Tuesday, July 23, 2019

Keystone 10 Million Trees Partnership: Over 60,000 Trees Planted This Spring, Double Last Year

The Keystone 10 Million Trees Partnership, coordinated by the Chesapeake Bay Foundation-PA, doubled its tree plantings from last spring and has taken big steps toward its ambitious goal of adding 10 million new trees by the end of 2025.
“This spring we had 16 planting partners. Staff planted over 60,000 trees. CBF field staff planted over half of these trees and shrubs,” said Partnership Manager Brenda Sieglitz. “All of the plants were native and each tree was sourced from a Pennsylvania supplier, which encourages economic growth and job development.”
The Partnership is a collaborative effort of national, regional, state, and local agencies; conservation organizations; watershed groups; conservancies; outdoors enthusiasts; businesses; and individuals.
Roughly 40 percent of Pennsylvania’s rivers and streams are impaired by polluted runoff and the legacy of coal mining.
Trees are the most cost-effective tools for cleaning and protecting rivers and streams by filtering and absorbing polluted runoff, stabilizing streambanks, and improving soil quality. Trees placed in parks, municipal properties, and other urban and suburban settings also absorb and clean stormwater, reduce flooding, and help restore abandoned mine land.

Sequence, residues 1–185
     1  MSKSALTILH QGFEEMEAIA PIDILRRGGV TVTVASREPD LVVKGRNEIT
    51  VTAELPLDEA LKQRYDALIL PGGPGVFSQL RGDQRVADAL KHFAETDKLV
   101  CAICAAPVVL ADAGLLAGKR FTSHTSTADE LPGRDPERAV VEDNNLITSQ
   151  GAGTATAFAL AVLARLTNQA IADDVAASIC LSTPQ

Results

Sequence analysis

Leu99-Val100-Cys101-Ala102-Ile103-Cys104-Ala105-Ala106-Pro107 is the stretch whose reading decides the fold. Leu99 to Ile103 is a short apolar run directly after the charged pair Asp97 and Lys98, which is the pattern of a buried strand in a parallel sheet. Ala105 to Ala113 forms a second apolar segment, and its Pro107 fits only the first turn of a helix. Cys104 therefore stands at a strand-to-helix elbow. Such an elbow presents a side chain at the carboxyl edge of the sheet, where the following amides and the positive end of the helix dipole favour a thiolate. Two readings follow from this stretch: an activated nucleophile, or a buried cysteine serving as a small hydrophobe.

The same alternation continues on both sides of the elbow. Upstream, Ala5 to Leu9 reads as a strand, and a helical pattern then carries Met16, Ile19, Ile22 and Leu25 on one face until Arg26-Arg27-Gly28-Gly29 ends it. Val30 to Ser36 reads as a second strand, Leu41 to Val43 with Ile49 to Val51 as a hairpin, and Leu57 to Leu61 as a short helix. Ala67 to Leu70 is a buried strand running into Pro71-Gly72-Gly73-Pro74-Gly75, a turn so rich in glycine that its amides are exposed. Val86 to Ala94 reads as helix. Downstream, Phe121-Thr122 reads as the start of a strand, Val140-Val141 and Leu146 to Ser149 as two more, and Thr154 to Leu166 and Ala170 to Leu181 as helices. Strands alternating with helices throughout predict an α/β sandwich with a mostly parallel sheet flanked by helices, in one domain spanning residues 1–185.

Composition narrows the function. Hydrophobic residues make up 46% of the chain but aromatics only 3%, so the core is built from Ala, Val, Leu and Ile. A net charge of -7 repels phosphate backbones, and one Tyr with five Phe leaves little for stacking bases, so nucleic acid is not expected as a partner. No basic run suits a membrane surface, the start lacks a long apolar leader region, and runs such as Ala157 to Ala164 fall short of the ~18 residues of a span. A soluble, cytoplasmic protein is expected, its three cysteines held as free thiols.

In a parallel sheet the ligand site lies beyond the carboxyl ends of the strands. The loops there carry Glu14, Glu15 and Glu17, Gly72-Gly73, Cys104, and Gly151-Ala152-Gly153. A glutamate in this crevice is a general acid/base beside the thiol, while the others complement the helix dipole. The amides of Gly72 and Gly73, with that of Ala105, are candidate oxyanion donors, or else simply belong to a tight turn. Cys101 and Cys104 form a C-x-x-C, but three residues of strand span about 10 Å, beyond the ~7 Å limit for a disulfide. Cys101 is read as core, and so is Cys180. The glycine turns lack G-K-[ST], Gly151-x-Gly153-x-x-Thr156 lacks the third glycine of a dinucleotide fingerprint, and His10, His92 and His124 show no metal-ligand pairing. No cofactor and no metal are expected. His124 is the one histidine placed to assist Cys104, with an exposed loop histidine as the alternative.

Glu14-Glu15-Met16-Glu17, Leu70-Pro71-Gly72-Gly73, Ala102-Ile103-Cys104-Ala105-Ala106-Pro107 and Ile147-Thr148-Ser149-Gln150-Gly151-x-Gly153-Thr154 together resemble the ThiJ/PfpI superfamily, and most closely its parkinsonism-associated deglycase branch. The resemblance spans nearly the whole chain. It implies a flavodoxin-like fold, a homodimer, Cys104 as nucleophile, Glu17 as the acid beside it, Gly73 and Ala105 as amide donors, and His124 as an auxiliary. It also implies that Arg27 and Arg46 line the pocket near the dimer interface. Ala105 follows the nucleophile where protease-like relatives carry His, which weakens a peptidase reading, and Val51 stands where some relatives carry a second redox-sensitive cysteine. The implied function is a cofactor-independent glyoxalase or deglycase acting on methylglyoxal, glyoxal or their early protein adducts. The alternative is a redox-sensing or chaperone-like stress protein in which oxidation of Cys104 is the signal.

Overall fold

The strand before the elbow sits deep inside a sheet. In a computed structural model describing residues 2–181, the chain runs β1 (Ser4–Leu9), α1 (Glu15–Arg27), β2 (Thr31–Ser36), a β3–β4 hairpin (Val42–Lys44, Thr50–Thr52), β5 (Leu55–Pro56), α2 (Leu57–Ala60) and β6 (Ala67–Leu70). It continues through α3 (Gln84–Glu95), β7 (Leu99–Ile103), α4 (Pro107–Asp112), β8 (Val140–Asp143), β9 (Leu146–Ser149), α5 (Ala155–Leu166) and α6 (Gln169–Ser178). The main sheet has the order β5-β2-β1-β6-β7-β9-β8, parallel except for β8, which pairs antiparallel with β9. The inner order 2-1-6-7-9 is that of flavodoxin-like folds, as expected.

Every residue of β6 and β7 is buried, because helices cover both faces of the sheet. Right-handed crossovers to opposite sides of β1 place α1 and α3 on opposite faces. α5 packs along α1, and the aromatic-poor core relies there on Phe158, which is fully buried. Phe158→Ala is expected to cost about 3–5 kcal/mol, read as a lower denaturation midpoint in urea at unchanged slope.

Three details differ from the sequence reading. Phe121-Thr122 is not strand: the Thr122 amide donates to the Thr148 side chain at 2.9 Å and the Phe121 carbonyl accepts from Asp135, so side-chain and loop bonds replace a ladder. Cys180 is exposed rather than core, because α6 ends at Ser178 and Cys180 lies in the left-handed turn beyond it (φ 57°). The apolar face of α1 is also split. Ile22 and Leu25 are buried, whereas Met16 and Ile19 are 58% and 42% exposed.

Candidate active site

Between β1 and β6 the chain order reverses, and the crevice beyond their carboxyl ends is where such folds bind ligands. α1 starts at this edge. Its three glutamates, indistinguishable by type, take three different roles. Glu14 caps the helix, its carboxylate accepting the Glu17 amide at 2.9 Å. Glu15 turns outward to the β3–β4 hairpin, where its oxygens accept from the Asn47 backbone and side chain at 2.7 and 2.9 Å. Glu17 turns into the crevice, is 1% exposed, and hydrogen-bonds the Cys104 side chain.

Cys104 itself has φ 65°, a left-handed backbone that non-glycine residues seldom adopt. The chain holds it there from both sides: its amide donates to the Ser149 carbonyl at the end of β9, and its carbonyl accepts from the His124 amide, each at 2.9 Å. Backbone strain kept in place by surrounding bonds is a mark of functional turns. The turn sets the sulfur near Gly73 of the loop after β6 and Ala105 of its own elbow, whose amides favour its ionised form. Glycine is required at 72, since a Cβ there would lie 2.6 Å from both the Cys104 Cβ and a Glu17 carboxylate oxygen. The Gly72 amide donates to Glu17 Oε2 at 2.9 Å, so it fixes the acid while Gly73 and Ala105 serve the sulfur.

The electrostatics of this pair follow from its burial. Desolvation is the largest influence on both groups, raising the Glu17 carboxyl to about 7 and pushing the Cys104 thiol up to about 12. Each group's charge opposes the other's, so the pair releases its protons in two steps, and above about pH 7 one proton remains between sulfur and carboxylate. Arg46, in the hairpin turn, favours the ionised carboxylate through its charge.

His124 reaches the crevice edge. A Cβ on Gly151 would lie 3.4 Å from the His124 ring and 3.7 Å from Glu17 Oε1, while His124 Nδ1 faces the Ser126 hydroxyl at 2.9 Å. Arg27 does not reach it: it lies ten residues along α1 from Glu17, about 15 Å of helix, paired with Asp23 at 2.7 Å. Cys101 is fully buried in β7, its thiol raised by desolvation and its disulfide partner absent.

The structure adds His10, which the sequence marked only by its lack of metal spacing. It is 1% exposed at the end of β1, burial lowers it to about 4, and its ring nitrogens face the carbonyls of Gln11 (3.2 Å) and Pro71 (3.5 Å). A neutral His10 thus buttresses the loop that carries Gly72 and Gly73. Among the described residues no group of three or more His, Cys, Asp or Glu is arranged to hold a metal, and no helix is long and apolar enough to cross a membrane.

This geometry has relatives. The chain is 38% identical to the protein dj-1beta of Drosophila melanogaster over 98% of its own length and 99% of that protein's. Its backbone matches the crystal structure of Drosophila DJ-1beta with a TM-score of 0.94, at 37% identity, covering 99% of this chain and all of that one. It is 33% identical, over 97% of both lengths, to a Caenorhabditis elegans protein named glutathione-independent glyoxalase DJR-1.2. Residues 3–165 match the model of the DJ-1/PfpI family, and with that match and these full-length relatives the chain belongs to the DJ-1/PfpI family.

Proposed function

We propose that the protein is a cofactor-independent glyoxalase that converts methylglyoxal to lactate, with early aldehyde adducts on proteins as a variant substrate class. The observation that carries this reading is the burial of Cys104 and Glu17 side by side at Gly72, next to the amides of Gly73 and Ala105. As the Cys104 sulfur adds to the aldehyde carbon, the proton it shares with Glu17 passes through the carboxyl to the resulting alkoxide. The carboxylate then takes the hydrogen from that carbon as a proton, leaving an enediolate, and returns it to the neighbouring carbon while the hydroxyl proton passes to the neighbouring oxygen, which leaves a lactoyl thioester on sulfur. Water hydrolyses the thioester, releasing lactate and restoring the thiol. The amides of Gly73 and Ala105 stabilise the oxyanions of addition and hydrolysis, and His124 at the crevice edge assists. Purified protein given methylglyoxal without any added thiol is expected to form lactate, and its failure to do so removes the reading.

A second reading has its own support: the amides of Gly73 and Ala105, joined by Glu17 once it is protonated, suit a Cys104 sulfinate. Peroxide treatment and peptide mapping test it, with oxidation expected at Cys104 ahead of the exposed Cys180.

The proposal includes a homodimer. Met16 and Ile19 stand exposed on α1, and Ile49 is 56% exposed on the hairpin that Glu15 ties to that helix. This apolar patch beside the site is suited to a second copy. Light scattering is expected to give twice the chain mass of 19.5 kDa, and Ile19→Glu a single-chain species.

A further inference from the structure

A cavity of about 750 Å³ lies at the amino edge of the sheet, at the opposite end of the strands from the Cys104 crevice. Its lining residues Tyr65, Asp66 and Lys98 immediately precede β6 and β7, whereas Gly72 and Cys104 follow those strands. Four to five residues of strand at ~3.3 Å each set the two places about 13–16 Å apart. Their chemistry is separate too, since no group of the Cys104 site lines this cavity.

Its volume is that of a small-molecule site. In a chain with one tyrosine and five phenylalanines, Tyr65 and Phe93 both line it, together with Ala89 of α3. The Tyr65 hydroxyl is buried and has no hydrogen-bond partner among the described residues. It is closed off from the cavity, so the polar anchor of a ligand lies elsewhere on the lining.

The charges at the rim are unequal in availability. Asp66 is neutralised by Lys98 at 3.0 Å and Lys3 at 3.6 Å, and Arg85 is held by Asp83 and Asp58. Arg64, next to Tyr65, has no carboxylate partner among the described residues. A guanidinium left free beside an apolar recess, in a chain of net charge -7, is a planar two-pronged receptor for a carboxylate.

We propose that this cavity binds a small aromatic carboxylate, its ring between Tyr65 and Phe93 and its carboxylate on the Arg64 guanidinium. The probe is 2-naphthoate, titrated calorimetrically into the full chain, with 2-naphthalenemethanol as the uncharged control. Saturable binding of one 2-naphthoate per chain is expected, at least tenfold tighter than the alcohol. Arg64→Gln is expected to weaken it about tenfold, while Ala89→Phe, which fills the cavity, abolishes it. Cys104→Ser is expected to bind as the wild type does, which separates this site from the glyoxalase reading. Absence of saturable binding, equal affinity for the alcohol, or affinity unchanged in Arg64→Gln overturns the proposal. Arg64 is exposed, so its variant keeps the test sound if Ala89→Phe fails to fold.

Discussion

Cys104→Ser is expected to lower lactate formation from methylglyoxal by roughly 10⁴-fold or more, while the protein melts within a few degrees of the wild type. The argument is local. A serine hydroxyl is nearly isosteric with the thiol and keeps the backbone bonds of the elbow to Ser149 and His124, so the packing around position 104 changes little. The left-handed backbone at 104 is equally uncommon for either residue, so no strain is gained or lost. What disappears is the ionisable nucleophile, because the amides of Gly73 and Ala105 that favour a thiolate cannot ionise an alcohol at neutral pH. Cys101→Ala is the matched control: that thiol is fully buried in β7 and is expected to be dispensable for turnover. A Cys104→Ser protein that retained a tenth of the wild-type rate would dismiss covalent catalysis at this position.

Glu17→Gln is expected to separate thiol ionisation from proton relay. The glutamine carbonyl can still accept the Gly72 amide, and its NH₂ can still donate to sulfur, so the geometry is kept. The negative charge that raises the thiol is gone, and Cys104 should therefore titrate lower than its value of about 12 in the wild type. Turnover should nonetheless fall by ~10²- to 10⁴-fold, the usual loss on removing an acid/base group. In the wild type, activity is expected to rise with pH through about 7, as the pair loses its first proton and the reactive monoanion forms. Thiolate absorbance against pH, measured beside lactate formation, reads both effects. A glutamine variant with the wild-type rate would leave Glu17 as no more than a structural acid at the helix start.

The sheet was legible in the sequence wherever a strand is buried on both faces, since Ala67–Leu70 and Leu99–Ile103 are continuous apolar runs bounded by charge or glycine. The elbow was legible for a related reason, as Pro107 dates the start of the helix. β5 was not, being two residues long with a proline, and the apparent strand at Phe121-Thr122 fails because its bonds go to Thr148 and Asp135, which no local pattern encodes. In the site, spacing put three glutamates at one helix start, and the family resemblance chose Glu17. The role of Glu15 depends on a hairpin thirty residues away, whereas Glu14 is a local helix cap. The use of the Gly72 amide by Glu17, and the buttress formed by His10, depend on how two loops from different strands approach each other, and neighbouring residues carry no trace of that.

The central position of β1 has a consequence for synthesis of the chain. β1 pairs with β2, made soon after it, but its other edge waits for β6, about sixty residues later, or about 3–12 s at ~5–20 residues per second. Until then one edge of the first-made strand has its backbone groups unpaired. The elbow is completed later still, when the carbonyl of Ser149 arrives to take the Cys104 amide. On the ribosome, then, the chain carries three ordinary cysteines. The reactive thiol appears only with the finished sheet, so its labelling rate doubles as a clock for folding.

“It’s no small feat to find locations to plant trees, organize plantings, recruit volunteers, and to get the trees and supplies to the sites and planted properly,” Sieglitz added. “Our
partners shined in their individual areas of expertise. I’m excited to see how we learn from the challenges we experienced this spring and how we continue to build upon the strong momentum to plant even more trees near streams.”
To learn more about what you can do, visit the Keystone 10 Million Trees Partnership website.
For more on Chesapeake Bay-related issues in Pennsylvania, visit the Chesapeake Bay Foundation-PA webpage.  Click Here to sign up for Pennsylvania updates (bottom of left column).  Click Here to support their work.
(Reprinted from the July Penn’s Waters newsletter from Chesapeake Bay Foundation-PA.)
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